Nearly 24 hours after the fire broke out, crews were still pouring water on the structure to make sure the fire does not re-ignite. They say the danger is not over.
The structure is unstable and they want to make sure that it collapses on itself and not someone or something else. As crews work to ensure the fire is out, they are also worried about its stability.
They've brought in bulldozers to begin its demolition.
The Houston Fire Department says this was the biggest blaze in the last decade. Over 200 firefighters responded. The cause is still unknown.
"Arson is still investigating," said Captain Ray Lozano with the Houston Fire Department. "They haven't given any indication it was arson, but they're doing an investigation to find out exactly what caused it."
A spokesperson for JLB Partners, which was building the 390-unit luxury apartment complex says the fire appears to have started on the north side of the building. He says there were 100 construction workers inside at the time the fire began to rage.
Eyewitness Larry Reader reported seeing a construction worker using a fire extinguisher trying to put out the flames at the beginning of the fire, and said that man then needed to be rescued from a balcony.
"It was frightening," Reader said. "In an hour and a half, it was unbelievable how fast it spread."
Political consultant Adam Harris was among those stuck in traffic. He shot video of the fire as the lone trapped worker was rescued.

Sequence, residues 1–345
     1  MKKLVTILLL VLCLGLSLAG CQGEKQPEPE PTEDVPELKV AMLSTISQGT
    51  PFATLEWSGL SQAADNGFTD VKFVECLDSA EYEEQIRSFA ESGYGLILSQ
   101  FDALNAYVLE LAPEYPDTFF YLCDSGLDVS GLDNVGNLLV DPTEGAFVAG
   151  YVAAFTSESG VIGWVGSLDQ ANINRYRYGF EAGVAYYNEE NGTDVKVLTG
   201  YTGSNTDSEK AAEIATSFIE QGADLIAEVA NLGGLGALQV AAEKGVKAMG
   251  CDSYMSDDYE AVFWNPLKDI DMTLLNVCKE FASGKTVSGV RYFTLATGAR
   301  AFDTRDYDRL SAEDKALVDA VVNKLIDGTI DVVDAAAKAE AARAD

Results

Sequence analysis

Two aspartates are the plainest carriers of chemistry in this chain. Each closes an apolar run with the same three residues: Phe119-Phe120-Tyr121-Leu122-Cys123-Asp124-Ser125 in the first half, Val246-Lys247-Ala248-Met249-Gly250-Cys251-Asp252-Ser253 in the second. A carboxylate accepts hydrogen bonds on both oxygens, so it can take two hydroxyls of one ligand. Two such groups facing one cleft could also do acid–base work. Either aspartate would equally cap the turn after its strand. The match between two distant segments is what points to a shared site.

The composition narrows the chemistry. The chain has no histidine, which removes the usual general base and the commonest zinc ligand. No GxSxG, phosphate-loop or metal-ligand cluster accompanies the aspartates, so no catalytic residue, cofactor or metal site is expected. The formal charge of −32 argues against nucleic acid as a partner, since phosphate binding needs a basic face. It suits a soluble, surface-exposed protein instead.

"How amazing it is that nobody was hurt," Harris said. "Blows my mind. I actually talked to some of the workers and said, 'What happened?' And they said, 'We don't know. Everyone yelled fire, fire, fire and we got out.'"
Lozano adds that the fire started at one end of the construction site and quickly spread to the other side, with winds speeding the fast-moving flames along. The exact orgin location and cause haven't been determined yet.
More than 80 units were dispatched to the scene with more than 200 firefighters. That includes at least 14 ladder companies, 26 engine companies and five EMS transport units.
Firefighters sprayed nearby homes and buildings with water. The fire did not spread to any adjacent structures, but the blaze burned hot enough to melt plastic on cars parked nearby.
The building is owned by JLB Apartments based in Dallas.
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